The William Benton Museum of Art started off the school year with a bang with the opening of their new West African and Cuban exhibits. Last night, the main exhibition areas of the Benton were bustling with crowds to celebrate “Souvenirs D’Afrique: Arts of Africa from the Collection of Janine and Josef Gugler” and “The Lure of Cuba: Reginald Marsh’s Tropical Watercolors, 1924-1930.” Both exhibitions are on view through Oct. 13.
The opening reception was accompanied by live music from FELA aKUsTIc, a group of performers from the Broadway musical “Fela!” The musical is based on the music and life of the late Nigerian composer and activist Fela Kuti. A majority of the collection of “Souvenirs D’Afrique” was compiled in Nigeria in the 1960s, so the music helped maintain the cultural relevance of the exhibit.
“As a whole, it’s really nice,” Natalie Smith, a seventh-semester fine arts and illustration major who came to the opening with her advanced painting class, said. “Not just that, the environment is really nice. The music helps, as it’s more traditional and ties together the theme. I like the cultures showcased. The pieces are spaced out really well and I also like the videos they have playing. There’s a lot to look at.”
“Souvenirs D’Afrique” features African art and cultural pieces donated by UConn Professor Emeritus Josef Gugler and his wife Janine Gugler. Professor Gugler, who had conducted sociology field research in Nigeria, had collected and bought most of the pieces from artists between 1961 and the early 1970s. The exhibit features works like masks, statues, sculptures, tapestries, textiles and functional items that encompass the indigenous culture, authenticity and history of Africa. From gourds and vessels that you would normally think just serve as household items to spiritual divination tools, “Souvenirs” embodies the culture imbued in everyday life.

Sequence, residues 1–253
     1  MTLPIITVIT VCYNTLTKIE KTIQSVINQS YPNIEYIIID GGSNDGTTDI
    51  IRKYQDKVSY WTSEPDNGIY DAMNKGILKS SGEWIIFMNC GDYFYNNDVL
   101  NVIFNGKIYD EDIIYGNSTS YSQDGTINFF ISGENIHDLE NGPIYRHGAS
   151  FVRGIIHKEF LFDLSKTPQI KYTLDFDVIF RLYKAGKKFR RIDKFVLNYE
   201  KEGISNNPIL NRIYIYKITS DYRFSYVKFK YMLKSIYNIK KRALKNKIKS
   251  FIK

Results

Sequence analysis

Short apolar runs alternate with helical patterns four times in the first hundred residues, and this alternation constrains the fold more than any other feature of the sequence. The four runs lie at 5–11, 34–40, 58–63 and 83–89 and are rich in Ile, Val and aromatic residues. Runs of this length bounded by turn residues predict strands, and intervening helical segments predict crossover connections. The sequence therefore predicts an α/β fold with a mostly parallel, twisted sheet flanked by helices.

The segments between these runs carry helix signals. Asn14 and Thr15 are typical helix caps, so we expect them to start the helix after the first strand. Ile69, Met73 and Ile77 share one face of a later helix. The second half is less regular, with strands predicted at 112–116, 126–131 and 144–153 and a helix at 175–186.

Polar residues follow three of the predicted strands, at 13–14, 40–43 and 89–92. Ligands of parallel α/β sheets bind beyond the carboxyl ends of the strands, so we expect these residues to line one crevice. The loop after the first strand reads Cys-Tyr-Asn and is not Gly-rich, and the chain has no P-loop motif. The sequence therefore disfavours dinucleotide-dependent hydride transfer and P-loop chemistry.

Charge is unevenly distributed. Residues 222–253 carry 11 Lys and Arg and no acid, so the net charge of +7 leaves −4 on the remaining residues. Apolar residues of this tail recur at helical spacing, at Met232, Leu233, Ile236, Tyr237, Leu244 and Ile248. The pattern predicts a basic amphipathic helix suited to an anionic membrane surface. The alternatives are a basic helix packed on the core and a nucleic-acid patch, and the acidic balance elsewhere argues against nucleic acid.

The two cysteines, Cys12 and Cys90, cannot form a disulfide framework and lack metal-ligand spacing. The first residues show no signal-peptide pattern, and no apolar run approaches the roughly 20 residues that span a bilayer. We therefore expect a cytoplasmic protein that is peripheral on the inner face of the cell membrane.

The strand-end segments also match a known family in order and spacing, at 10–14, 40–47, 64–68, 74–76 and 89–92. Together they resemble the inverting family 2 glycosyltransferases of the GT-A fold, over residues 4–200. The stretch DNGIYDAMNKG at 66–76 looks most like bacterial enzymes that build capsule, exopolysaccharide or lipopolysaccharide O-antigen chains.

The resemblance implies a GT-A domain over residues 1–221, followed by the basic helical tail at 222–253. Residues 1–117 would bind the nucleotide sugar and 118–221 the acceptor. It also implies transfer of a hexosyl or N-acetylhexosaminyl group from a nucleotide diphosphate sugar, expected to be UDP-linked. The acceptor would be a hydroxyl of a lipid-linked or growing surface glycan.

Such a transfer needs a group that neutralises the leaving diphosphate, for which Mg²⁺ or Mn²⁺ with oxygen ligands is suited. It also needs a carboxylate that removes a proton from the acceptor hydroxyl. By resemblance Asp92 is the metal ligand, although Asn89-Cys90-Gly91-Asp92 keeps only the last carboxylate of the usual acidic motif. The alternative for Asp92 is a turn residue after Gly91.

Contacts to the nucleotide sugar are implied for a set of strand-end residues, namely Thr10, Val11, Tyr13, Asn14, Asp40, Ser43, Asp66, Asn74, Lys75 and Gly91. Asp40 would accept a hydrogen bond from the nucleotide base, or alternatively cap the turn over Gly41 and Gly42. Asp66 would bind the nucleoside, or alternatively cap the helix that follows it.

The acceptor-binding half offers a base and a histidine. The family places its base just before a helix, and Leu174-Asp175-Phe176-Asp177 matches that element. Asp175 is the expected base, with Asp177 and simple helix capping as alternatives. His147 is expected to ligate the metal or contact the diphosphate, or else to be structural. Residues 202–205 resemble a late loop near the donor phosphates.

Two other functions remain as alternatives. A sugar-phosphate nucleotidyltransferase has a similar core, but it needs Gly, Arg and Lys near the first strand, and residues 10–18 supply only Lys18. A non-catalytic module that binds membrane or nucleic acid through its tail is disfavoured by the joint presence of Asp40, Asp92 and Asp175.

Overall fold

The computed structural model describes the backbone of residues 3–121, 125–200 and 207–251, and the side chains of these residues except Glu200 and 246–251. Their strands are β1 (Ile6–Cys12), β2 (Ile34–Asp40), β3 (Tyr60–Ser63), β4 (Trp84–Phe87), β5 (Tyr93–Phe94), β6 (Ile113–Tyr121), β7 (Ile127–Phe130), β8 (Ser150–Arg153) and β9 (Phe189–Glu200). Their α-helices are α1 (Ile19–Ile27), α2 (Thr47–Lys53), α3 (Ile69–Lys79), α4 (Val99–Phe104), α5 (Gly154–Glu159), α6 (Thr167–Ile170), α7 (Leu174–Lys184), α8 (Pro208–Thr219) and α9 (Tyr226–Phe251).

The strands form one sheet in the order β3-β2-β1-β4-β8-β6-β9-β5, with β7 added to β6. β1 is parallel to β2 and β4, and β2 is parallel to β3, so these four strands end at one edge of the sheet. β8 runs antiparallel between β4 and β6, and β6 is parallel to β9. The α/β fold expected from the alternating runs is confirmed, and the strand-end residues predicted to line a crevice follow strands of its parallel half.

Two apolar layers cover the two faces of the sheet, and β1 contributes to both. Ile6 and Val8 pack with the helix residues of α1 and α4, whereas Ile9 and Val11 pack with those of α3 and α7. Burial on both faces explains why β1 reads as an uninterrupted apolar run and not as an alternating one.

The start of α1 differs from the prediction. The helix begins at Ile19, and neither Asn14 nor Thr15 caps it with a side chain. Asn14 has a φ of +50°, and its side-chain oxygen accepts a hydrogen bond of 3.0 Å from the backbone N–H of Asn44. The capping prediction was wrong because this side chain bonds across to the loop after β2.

With pieces like carved wooden figures that “serve as a spiritual presence” and helmet masks worn by the Mende group for female initiation accompanied by videos depicting artists weaving cultural rugs, the exhibit immerses museumgoers into the traditions and cultural atmosphere of the continent.
“I like the African art exhibit,” Michelle Neitzey, a first-semester molecular and cell biology PhD student, said. “It brings a corner of the globe to campus and still be in Storrs, Connecticut. I like the fabric pieces and the masks [are] funny to look at.”
“The Lure of Cuba” features works from American modernist painter Reginald Marsh (1898-1954) that focus on the natural and urban landscape of Havana, Cuba. Marsh had rose to fame for his paintings of New York City in the 1930s, with a focus on the urban setting. After having visited the city of Havana several times, Marsh presents a contrasting focus on the more colorful and idyllic waterfront scenes compared to the gritty urban skyline of New York. Some of Marsh’s watercolors include an image of the George Washington Bridge in New York City (“Bridge”), beach houses (“Girl in Front of Victorian Houses”) and the sand dunes of Havana. The lush, yet contrasting tones of the watercolors, present the Cuban landscape as a traveler and tourist destination.
“I really like that this is free for students and I like the atmosphere of the opening,” Verena Aschbacher, a first-semester literature and languages PhD student, said. “More students should come and visit the museum.”
Hollie Lao is a staff writer for The Daily Campus. She can be reached via email at email@example.com.